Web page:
Title and Author(s): Katherine Howe’s The House of Velvet and Glass
Release Date: Apr 06, 2012
Publisher: Thorndike Press; Lrg edition
Source: Harris County Public Library
Reasons for Reading: Feel free to click onto this link TBRs – Katherine Howe’s The House of Velvet and Glass. Unfortunately, I was reading this book when my Nook went on the fritz. It was a huge relief to me when I found the large print version of this novel at the library branch. Thus, I was able to quickly finish this book.
Summary: It’s 1915, three years after losing her mother and sister (Helen and Eulah) on that fateful voyage of the HMS Titanic, Sibyl Allston suffers in near silence as she runs the Boston household of her laconic, shipping magnate Lan Allston. She seeks solace in her late mother’s medium. When her brother, Harlan, gets kicked out of Harvard and his involvement with an odd woman seems the cause, old flame Professor Benton Derby reaches out to Sibyl. With Benton, Sibyl embarks on an odd journey of discovery of Boston’s Chinatown and its opium dens. Sibyl’s 1915 point of view is mingled with those of Helen and Eulah’s 1912 and Lannie’s 1867. I won’t say anymore about Lannie.
One Thing I Learned from reading Katherine Howe’s The House of Velvet and Glass: I knew of the Widener Library at Harvard but I didn’t know the story behind it. For more info, visit History – Widener Library – Harvard College Library.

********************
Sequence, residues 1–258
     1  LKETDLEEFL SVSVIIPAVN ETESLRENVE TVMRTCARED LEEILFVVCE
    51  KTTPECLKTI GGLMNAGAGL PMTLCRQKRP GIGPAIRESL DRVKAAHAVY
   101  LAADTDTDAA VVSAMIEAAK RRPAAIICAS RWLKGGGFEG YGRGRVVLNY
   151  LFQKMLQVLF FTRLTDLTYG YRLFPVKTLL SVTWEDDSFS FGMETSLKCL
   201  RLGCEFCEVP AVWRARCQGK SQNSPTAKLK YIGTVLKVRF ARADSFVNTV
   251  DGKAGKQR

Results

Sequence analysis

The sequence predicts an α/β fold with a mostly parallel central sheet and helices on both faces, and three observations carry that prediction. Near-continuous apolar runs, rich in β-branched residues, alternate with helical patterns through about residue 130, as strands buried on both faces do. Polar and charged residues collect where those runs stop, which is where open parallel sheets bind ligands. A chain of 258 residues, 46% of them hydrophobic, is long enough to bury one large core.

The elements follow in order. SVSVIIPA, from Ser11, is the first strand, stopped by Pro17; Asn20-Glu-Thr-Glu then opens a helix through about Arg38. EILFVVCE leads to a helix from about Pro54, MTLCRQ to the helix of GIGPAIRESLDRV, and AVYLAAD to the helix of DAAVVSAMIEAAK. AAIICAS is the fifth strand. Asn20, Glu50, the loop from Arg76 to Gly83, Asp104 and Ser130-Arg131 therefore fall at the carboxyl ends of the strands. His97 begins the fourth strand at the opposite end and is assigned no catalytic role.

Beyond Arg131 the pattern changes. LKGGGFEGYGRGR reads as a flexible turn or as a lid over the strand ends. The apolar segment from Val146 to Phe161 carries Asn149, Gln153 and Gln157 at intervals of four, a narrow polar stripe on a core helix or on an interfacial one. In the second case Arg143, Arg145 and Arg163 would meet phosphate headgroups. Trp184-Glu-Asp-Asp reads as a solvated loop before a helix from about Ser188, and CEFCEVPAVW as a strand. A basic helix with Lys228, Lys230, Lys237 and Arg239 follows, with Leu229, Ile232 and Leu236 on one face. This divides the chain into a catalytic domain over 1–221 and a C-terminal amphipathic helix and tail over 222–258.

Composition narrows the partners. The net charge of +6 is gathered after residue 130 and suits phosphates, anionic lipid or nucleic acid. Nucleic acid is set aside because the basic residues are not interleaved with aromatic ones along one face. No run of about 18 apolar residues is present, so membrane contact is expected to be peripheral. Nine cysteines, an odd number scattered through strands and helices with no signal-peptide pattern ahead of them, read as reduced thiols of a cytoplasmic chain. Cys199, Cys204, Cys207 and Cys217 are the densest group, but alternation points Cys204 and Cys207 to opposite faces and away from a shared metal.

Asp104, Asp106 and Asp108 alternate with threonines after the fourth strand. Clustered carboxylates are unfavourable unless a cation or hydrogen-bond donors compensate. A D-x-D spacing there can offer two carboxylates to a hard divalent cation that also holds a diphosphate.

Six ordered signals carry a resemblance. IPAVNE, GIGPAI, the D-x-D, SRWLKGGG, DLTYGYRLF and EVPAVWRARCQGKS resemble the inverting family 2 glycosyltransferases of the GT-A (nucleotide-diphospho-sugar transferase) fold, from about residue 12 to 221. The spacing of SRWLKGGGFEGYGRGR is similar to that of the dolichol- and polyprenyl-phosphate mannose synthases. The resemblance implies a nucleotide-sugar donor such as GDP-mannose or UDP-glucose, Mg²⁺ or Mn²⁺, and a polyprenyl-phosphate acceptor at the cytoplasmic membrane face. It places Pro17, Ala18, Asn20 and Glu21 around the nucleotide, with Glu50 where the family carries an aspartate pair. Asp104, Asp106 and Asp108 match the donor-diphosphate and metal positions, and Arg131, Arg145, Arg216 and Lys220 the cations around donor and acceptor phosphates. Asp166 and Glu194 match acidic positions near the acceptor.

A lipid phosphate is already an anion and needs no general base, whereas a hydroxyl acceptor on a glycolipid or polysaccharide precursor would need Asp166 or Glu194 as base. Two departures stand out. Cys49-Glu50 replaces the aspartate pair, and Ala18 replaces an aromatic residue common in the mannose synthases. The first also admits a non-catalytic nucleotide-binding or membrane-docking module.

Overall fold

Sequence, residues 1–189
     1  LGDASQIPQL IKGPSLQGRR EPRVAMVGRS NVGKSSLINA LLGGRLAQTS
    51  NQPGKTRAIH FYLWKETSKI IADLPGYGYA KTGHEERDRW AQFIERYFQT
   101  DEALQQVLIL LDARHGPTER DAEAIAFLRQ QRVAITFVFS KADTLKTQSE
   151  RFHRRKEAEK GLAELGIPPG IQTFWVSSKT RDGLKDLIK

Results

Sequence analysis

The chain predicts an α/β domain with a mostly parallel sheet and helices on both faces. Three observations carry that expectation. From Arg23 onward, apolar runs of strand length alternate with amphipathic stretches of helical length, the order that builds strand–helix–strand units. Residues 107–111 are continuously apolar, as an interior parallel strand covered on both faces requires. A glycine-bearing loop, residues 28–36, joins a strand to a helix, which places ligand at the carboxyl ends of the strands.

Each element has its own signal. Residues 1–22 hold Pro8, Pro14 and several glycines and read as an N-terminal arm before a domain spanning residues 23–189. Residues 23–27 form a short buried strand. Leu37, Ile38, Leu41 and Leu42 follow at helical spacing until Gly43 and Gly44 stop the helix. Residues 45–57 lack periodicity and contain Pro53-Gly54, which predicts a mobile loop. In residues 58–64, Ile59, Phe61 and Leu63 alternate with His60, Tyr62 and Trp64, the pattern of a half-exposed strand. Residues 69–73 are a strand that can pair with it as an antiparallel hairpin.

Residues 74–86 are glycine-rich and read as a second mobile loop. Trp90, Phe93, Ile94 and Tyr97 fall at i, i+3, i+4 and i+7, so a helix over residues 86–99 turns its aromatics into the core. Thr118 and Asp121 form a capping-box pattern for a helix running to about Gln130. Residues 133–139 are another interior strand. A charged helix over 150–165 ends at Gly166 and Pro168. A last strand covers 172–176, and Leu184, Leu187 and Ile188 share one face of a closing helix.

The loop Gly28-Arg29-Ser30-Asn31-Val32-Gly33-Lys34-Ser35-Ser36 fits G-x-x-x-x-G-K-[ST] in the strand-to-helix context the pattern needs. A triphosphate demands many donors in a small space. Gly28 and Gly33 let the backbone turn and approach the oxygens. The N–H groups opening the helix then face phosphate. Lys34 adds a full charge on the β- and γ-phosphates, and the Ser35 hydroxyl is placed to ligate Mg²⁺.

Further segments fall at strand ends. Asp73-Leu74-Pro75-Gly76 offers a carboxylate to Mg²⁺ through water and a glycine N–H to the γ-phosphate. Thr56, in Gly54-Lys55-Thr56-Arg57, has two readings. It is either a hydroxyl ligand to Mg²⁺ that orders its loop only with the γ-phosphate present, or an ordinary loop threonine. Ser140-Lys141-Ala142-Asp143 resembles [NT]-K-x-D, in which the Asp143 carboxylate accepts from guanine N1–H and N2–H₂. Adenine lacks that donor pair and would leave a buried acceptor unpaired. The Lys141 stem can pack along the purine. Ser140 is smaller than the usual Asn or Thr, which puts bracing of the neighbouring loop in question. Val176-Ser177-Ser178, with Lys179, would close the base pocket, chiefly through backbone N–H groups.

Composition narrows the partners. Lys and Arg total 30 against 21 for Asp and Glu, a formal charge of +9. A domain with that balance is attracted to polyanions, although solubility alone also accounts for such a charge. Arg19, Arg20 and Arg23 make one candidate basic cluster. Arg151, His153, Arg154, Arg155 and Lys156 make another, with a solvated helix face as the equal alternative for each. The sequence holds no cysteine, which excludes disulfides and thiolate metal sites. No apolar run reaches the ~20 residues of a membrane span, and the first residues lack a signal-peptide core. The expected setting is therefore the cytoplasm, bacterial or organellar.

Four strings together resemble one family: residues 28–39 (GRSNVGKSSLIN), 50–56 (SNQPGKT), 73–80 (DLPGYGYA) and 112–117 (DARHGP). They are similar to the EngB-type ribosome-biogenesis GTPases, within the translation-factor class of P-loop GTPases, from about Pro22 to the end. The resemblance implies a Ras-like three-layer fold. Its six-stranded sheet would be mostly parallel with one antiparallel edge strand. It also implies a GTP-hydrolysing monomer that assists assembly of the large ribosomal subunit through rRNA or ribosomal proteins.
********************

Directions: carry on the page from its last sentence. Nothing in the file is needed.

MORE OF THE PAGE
What I Liked: The characters were well conceived – particularly Sibyl, Eulah, and Lan. The settings appeared well-researched and recreated. Howe’s descriptive writing paints the picture without being gratuitous. I appreciated the integration of real-life people such as Harry Widener and Edwin Friend. By the end of the novel, I truly appreciated Lan’s love for and devotion to his family. Howe’s afterward was great and she made significant points in this section.
What I Disliked: Well, it wasn’t “Deliverance Dane.” The beginning didn’t pull me in as quickly as Howe’s first effort did. Once I put aside my “Deliverance Dane” measuring stick, I got more out of this book. Also, the presence of opium in this book made me extremely uncomfortable. Nonetheless, I DID like the resolution of the opium abuse. Lastly, I wanted to know more about Dovie, Harlan’s mysterious girlfriend.
You might also like:
- Isabel Allende’s The House of the Spirits
- Katherine Howe’s The Physick Book of Deliverance Dane
- Isabel Allende’s Daughter of Fortune
- E.M. Forster’s A Room with a View